The lifelong importance of making sound money decisions has led one school district to make financial literacy a required course in high school. Mustang High School teacher Carrie Hixon recently asked her students “What if you used your bank debit card to buy lunch at Taco Bell and you didn’t have enough money in your checking account. What do you think Taco Bell will do?”
“Make you wash dishes,” the class clown popped off.
A serious Hixon countered, “Until recently, Taco Bell and your bank each could charge you a fee of $25 to $35. Thankfully, a recent law requires establishments to deny the purchase and hand your card back to you, if you have insufficient funds.”
“If you have overdraft protection for your checking account, your bank instead might extend you a short-term loan or pull the purchase amount from a linked savings account, but it comes with a cost,” she said.
“Did you really want to pay that much for your meal at Taco Bell?” she said.
The what-if scenario is meant to cause students to think about their personal finances. Per state legislation passed in 2007, Oklahoma students, effective this May, now must demonstrate an
understanding in banking, taxes, investing, loans, insurance, identity theft and eight other areas to graduate. Teachers are required to certify students’ working knowledge in each area.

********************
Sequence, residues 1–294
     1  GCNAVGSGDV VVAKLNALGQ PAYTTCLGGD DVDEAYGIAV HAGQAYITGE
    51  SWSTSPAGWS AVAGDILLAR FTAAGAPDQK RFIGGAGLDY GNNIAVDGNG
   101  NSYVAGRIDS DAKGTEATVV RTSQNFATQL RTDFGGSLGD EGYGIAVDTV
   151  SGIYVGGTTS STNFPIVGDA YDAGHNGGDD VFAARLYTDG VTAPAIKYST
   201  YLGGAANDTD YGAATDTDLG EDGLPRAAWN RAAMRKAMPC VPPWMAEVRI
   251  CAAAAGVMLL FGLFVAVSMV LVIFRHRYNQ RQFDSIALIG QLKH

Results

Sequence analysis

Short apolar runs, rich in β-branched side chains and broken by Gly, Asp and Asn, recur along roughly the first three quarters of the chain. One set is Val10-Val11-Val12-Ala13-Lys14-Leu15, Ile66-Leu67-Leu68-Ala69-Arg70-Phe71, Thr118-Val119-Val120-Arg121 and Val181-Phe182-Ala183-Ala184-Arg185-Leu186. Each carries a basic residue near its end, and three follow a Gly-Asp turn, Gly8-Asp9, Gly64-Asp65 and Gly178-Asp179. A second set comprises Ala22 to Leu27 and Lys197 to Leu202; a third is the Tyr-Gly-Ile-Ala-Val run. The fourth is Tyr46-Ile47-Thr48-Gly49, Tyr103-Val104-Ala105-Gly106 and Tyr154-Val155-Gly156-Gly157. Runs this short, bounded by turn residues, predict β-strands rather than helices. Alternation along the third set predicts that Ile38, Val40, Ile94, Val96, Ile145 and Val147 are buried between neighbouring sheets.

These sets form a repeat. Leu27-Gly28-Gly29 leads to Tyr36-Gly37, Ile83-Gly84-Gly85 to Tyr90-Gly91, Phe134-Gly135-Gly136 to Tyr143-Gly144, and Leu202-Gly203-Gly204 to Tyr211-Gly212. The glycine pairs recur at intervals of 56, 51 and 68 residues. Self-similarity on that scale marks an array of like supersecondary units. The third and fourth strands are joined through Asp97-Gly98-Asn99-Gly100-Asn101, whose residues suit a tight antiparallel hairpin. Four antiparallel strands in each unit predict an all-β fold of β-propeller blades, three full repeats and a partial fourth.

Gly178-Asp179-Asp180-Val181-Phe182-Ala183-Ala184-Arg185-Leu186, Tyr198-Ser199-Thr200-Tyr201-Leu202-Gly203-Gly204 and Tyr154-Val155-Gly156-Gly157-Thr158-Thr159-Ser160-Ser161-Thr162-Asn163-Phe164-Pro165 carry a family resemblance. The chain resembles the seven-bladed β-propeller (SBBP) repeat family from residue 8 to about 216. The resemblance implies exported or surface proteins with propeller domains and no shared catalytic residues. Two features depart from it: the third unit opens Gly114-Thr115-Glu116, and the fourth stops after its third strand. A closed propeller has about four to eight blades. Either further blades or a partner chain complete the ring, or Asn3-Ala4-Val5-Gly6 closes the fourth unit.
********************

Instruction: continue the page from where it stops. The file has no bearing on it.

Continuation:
Schools like Mustang, which offered a personal finances course before the mandate — or Kingston, which implemented the requirement soon after enactment, are on track. But countless others are scrambling to meet the additional curriculum requirement — parking many students in front of computers for quickie, do-it-yourself learning.
Said Amy Lee, executive director of the Oklahoma Council on Economic Education, which lobbied for and helped develop the curriculum, “Oklahoma has some of the strongest standards in the country. Where other states require four or five standards regarding earnings, savings and investing, Oklahoma has 14 standards including three that are state-specific: bankruptcy, the financial impact of gambling and charitable giving,” she said.
The problem is the openness in the law, Lee said. It includes no funding for school districts to hire dedicated financial literacy teachers, she said.
Moreover, districts are permitted to implement the requirements in the seventh through 12th grades and use curriculum provided by the state Education Department or whatever they choose, she said.
Consequently, many school districts statewide are squeezing the curriculum into government, history or other classes, Lee said. Some rural schools in northwestern Oklahoma are just now getting started with the help of the Cherokee Nation Foundation, she said.
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